Office Depot Inc. on Tuesday closed its deal to buy smaller rival OfficeMax Inc. but both U.S. office retailers reported third-quarter results that missed Wall Street's profit targets, underscoring the challenges the combined company will face.
The retailers also named the two firms' chief executives as co-CEOs of the combined company while the search continues for a permanent replacement.
Last week, the retailers received regulatory approval for their $976 million deal. It aims at cutting costs, consolidating stores, boosting clout with suppliers and improving their chances of fighting market leader Staples Inc, as well as online and discount rivals.
Uncertainty around the timing of the Federal Trade Commission approval made it challenging to find a new CEO by the time the deal closed, the committee in charge of the search said. But it expects to complete the process in the "near future."
Janney Capital Markets analyst David Strasser had expected the combined company to name a new CEO today, but did not read too much into the company not doing so.
"These things don't happen based on a schedule of office. They happen based on schedules of the people involved," Strasser said.
Despite the lackluster report cards from the companies due primarily to weak sales, he said the combined entity "is ultimately a better company," citing a stronger balance sheet. The deal is also good for the industry as it will take out excess capacity, Strasser said.
Neil Austrian, chairman and CEO of Office Depot, and Ravi Saligram, president and CEO of OfficeMax, will serve as co-CEOs in the meantime.
The combined company will use the name "Office Depot, Inc" and will trade on the New York Stock Exchange under the symbol ODP. It will continue to operate from both Boca Raton, Florida, and Naperville, Illinois, until a new CEO is on board and a final decision on a headquarters location is made.
Office supply stores are fighting a battle for relevance, with shoppers increasingly buying their paper, toner and technology online from Amazon.com Inc, drugstores or mass merchants. Analysts covering office supply stores have long called for consolidation in what they see as a cluttered sector whose sales crumbled during the last recession.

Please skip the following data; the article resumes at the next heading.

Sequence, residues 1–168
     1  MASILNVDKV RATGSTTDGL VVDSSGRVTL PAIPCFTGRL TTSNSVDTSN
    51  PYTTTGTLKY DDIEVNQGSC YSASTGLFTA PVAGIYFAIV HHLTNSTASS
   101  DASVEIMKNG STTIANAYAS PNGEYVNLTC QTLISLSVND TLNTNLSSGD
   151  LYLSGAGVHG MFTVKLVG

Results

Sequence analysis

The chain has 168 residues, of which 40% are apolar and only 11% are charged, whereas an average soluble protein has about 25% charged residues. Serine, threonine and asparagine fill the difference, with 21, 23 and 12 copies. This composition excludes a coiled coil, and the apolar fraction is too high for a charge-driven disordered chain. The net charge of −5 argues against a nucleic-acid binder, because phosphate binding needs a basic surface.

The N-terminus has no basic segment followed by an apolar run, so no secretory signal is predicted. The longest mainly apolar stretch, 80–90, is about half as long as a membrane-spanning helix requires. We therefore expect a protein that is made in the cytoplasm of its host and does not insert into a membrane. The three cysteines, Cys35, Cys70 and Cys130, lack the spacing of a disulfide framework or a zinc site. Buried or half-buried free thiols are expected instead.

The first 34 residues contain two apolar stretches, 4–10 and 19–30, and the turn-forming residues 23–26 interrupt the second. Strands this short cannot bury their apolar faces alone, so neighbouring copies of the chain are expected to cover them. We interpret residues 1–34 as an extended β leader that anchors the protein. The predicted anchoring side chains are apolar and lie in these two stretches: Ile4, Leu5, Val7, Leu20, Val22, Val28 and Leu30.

The combined company would have had revenue of about $17 billion for the 12 months ended Sept. 28. It expects to incur about $200 million in one-time operating costs this year, and up to an additional $400 million in integration costs and $200 million to $250 million in capital spending over the next three years.
By the end of the third year following the close of the merger, it expects cost savings in the upper half of the previously estimated $400 million to $600 million range.
OfficeMax directors Joseph DePinto and William Montgoris, and five Office Depot directors, including Kathleen Mason and Justin Bateman, have decided not to seek appointment to the combined company's board.
OfficeMax's third-quarter net income fell to $30.4 million, or 34 cents a share, from $433.0 million, or $4.92 a share, a year earlier. Excluding store closure charges, merger-related costs and a host of items, OfficeMax earned 15 cents a share, falling short of analysts' average estimate of 22 cents a share, according to Thomson Reuters I/B/E/S.
Office Depot's net income, after preferred stock dividends, was $133 million, or 41 cents a share in the third quarter, compared with a net loss on that basis of $70 million, or 25 cents a share, a year earlier. Excluding items, it earned 2 cents a share, missing the estimate of 6 cents a share.
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